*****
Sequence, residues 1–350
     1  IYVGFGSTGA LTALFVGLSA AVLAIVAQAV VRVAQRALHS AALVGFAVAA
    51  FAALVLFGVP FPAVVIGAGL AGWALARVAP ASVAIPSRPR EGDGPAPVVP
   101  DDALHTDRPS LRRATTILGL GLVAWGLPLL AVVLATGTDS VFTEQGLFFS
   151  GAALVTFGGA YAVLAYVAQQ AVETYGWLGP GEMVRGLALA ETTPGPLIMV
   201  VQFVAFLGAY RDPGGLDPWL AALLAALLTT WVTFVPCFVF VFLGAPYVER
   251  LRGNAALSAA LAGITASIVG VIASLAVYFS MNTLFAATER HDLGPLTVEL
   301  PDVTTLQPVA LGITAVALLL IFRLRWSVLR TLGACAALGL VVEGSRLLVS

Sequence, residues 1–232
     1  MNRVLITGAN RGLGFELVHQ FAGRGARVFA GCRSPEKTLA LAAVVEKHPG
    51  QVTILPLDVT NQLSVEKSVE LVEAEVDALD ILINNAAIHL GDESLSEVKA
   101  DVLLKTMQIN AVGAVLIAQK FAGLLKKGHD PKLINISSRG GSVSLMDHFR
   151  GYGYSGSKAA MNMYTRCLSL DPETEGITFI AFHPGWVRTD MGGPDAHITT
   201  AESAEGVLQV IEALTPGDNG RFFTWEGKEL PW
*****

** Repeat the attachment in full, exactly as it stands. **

Sequence, residues 1–350
     1  IYVGFGSTGA LTALFVGLSA AVLAIVAQAV VRVAQRALHS AALVGFAVAA
    51  FAALVLFGVP FPAVVIGAGL AGWALARVAP ASVAIPSRPR EGDGPAPVVP
   101  DDALHTDRPS LRRATTILGL GLVAWGLPLL AVVLATGTDS VFTEQGLFFS
   151  GAALVTFGGA YAVLAYVAQQ AVETYGWLGP GEMVRGLALA ETTPGPLIMV
   201  VQFVAFLGAY RDPGGLDPWL AALLAALLTT WVTFVPCFVF VFLGAPYVER
   251  LRGNAALSAA LAGITASIVG VIASLAVYFS MNTLFAATER HDLGPLTVEL
   301  PDVTTLQPVA LGITAVALLL IFRLRWSVLR TLGACAALGL VVEGSRLLVS

Sequence, residues 1–232
     1  MNRVLITGAN RGLGFELVHQ FAGRGARVFA GCRSPEKTLA LAAVVEKHPG
    51  QVTILPLDVT NQLSVEKSVE LVEAEVDALD ILINNAAIHL GDESLSEVKA
   101  DVLLKTMQIN AVGAVLIAQK FAGLLKKGHD PKLINISSRG GSVSLMDHFR
   151  GYGYSGSKAA MNMYTRCLSL DPETEGITFI AFHPGWVRTD MGGPDAHITT
   201  AESAEGVLQV IEALTPGDNG RFFTWEGKEL PW